The previous three examples discussed animating the geometry of an object and used the vertex processor to achieve this animation (because the geometry of an object cannot be modified by the fragment processor). The fragment processor can also create animation effects. The main purpose of most fragment shaders is to compute the fragment color, and any of the factors that affect this computation can be varied over time. In this section, we look at a shader that perturbs the texture coordinates in a time-varying way to achieve an oscillating or wobbling effect. With the right texture, this effect can make it very simple to produce an animated effect to simulate a gelatinous surface or a "dancing" logo.
This shader was developed to mimic the wobbly 2D effects demonstrated in some of the real-time graphics demos that are available on the Web (see http://www.scene.org for some examples). Its author, Antonio Tejada, wanted to use the OpenGL Shading Language to create a similar effect.
The central premise of the shader is that a sine function is used in the fragment shader to perturb the texture coordinates before the texture lookup operation. The amount and frequency of the perturbation can be controlled through uniform variables sent by the application. Because the goal of the shader was to produce an effect that looked good, the accuracy of the sine computation was not critical. For this reason and because the sine function had not been implemented at the time he wrote this shader, Antonio chose to approximate the sine value by using the first two terms of the Taylor series for sine. The fragment shader would have been simpler if the built-in sin function had been used, but this approach demonstrates that numerical methods can be used as needed within a shader. (As to whether using two terms of the Taylor series would result in better performance than using the built-in sin function, it's hard to say. It probably varies from one graphics hardware vendor to the next, depending on how the sin function is implemented.)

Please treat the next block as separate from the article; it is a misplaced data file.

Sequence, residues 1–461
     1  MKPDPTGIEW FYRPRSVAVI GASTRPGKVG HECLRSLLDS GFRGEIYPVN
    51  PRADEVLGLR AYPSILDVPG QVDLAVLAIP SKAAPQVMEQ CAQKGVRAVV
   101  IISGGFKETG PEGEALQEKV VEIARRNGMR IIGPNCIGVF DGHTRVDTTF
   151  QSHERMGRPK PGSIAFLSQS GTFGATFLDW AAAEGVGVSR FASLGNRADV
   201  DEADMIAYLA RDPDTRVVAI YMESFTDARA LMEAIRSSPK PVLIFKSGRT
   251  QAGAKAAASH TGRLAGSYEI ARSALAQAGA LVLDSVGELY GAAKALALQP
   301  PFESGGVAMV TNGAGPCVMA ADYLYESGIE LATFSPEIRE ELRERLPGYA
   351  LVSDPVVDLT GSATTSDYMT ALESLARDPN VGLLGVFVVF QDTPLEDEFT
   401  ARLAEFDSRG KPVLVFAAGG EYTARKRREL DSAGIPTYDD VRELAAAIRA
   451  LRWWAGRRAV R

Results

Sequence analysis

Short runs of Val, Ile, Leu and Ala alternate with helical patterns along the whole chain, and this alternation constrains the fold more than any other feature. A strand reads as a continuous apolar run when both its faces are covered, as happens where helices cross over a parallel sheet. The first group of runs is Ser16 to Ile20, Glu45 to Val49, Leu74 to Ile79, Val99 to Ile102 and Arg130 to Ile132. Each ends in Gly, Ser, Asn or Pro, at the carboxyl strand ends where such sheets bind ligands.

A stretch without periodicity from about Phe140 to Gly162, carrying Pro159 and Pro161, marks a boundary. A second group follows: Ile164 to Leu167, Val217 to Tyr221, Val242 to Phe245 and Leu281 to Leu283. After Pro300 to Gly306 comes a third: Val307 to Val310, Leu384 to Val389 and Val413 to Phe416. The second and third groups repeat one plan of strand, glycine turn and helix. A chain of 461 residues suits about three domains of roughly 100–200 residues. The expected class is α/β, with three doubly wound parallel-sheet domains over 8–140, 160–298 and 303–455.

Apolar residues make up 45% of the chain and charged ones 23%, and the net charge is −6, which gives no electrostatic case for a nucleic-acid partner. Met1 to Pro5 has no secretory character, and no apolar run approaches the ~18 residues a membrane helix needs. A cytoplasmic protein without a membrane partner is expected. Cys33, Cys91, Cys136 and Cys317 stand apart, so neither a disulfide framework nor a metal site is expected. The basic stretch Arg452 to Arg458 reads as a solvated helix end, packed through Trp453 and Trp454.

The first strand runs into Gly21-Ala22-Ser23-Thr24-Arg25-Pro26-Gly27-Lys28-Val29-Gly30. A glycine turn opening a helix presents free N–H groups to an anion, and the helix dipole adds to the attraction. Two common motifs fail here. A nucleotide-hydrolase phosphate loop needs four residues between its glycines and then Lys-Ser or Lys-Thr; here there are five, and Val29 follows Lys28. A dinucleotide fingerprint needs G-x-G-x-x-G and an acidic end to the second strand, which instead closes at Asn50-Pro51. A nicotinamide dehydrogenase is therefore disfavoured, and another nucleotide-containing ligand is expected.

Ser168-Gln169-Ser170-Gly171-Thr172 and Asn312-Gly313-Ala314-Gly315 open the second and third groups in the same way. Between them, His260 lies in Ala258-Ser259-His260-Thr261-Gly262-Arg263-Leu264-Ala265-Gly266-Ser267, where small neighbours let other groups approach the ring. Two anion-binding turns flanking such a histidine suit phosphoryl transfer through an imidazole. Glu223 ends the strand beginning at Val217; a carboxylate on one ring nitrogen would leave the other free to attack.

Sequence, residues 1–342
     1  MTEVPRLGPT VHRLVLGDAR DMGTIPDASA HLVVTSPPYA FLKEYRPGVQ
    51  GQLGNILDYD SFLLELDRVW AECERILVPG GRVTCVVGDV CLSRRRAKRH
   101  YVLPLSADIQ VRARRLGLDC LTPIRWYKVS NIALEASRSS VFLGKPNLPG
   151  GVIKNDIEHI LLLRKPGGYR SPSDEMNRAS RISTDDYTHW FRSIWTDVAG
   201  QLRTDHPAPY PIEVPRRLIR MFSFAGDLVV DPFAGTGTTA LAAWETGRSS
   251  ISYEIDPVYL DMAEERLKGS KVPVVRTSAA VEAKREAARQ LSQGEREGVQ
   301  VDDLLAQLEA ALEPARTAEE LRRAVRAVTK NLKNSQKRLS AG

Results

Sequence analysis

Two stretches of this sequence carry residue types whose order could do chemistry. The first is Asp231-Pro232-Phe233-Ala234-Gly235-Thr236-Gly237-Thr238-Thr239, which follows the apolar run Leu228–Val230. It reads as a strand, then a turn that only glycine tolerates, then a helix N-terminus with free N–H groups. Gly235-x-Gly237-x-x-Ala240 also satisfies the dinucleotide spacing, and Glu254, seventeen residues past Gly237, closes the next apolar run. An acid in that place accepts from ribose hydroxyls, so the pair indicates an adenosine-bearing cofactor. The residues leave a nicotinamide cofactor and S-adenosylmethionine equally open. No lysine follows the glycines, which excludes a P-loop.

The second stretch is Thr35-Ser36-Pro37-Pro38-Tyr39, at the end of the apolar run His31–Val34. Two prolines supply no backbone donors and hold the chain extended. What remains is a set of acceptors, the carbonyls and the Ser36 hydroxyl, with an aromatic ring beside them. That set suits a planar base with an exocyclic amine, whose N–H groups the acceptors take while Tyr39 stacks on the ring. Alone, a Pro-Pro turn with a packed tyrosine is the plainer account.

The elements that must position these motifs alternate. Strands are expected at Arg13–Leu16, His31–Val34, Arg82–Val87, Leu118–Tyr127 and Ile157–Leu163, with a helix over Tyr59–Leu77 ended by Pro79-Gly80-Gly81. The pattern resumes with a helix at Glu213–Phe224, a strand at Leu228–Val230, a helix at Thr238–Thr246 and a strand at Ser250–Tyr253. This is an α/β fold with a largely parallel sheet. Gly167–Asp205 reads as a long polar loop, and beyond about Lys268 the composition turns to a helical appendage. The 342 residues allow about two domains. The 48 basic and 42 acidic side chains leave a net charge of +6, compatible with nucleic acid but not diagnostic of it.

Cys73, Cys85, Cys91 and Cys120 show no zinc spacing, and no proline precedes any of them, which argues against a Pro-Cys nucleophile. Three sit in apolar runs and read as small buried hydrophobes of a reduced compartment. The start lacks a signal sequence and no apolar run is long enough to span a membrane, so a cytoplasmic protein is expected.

For this shader to work properly, the application must provide the frequency and amplitude of the wobbles, as well as a light position. In addition, the application increments a uniform variable called StartRad at each frame. This value is used as the basis for the perturbation calculation in the fragment shader. By incrementing the value at each frame, we animate the wobble effect. The application must provide the vertex position, the surface normal, and the texture coordinate at each vertex of the object to be rendered.
The vertex shader for the wobble effect is responsible for a simple lighting computation based on the surface normal and the light position provided by the application. It passes along the texture coordinate without modification. This is exactly the same as the functionality of the Earth vertex shader described in Section 10.2.2, so we can simply use that vertex shader.
The fragment shader to achieve the wobbling effect is shown in Listing 16.8. It receives as input the varying variable LightIntensity as computed by the vertex shader. This variable is used at the very end to apply a lighting effect to the fragment. The uniform variable StartRad provides the starting point for the perturbation computation in radians, and it is incremented by the application at each frame to animate the wobble effect. We can make the wobble effect go faster by using a larger increment value, and we can make it go slower by using a smaller increment amount. We found that an increment value of about 1° gave visually pleasing results.